Posted on | February 23, 2006 | 14 Comments
In keeping with Kevin Vranes’ dictum that “it’s up to the bloggers to highlight the papers that didn’t make Science, Nature, JAMA or NEJM” because those half-wits in the mainstream media won’t, here’s an interesting paper on climate variability and food in Africa.
Leif Christian Stige of the University of Oslo and colleagues used crop production records and satellite data to conclude that reduced food production during El Niño years in Africa is the equivalent of “the nutritional requirements of (approximately) 20 million people”. Yowza. Kinda puts our worries about the New Mexico ski season this year into perspective. The big loser is corn in southern Africa, something documented a dozen years ago by Mark Cane. So the broad story here is already well known. It’s the 20 million number that jumped out at me.
Stige et al. spin a global warming tale to go along with this:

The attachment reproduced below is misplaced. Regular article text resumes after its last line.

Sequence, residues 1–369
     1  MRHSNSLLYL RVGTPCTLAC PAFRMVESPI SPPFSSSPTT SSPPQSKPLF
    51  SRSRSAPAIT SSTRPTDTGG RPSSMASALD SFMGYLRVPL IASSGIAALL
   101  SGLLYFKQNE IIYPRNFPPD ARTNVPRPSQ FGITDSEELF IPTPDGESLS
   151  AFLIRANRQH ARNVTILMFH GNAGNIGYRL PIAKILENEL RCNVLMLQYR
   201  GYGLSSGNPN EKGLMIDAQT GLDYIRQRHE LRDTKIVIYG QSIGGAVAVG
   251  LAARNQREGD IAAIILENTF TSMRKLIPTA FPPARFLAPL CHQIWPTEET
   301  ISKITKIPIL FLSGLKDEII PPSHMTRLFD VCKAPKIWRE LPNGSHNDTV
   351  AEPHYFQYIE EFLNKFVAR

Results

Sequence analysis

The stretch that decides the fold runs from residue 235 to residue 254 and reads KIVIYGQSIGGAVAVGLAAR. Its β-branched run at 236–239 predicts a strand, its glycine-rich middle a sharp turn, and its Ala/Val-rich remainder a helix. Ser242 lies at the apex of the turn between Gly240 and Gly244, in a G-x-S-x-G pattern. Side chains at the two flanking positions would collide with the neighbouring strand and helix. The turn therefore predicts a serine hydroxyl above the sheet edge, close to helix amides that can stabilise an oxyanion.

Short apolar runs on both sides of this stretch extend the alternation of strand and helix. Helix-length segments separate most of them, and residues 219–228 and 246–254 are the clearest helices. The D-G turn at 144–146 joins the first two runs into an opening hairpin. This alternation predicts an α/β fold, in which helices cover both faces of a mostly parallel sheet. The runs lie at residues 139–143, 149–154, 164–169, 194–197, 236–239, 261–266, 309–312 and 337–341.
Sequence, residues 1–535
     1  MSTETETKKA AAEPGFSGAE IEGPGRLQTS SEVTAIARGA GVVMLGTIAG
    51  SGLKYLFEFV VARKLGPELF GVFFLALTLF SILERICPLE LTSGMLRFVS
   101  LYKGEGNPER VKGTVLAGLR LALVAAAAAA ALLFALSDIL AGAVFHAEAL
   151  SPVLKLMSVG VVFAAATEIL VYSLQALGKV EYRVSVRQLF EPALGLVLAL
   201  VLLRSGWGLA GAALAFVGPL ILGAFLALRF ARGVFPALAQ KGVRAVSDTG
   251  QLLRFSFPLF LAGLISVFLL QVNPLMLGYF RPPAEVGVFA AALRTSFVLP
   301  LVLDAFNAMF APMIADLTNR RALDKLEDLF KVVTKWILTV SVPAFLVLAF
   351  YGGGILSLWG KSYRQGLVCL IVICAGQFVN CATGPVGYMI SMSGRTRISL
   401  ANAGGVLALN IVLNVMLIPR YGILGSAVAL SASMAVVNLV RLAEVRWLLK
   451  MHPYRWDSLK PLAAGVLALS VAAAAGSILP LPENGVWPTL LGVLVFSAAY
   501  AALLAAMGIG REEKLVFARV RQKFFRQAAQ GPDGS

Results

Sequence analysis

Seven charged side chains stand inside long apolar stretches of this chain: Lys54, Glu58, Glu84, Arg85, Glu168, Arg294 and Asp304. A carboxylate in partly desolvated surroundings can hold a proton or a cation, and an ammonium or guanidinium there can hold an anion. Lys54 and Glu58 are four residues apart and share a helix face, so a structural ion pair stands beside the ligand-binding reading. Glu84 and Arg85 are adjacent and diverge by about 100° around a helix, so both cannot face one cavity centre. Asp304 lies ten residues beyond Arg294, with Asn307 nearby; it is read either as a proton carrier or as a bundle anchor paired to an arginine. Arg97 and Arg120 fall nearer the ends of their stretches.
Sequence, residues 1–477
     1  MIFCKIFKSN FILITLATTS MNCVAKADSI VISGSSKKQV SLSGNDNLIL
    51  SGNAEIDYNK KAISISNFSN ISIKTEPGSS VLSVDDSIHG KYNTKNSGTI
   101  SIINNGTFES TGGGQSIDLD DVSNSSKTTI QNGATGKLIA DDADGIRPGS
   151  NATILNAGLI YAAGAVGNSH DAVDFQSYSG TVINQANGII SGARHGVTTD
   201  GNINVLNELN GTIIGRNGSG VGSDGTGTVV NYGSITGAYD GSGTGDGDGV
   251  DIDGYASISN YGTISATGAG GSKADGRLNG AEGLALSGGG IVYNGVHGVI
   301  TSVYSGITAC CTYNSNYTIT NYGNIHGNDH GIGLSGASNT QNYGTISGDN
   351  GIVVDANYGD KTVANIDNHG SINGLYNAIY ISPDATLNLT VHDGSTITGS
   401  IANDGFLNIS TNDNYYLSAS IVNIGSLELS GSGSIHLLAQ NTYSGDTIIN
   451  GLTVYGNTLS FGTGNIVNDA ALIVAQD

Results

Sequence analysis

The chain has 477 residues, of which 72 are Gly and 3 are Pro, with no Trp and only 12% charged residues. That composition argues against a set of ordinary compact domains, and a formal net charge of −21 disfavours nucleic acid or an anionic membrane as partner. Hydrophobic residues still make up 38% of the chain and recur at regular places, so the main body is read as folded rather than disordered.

Results suggest reduced African food production if the global climate changes toward more El Niño-like conditions, as most climate models predict.
As I’ve written before, I don’t think the science is there to head very far down the global warming->El Niño path. But regardless of those details, there’s something we clearly do know about drought variability in Africa and elsewhere. Regardless of the imprint left by anthropogenic climate change, we know there is drought variability – wet times and dry times and then wet again and then dry again.
The real damage (see here for a longer discussion of this) happens when people don’t pay attention during the wet times to the fact that it’ll get dry soon enough. I recently read a great book chapter by Mickey Glantz entitled “drought follows the plow” (apparently there’s a whole book) that discusses what happened in the Sahel beginning in the late 1960s. Glantz argues that people moved north into the southern edge of the Sahara during the unusually wet 1950s and ’60s. When the pendulum swung back to dry in 1968, they were screwed.
It’s not unlike people building growing cities in the paths of hurricanes, and then being surprised when the waves wash over them. Climate change may be one variable here, and is clearly worth paying attention to, but changing societal vulnerability dominates the risk.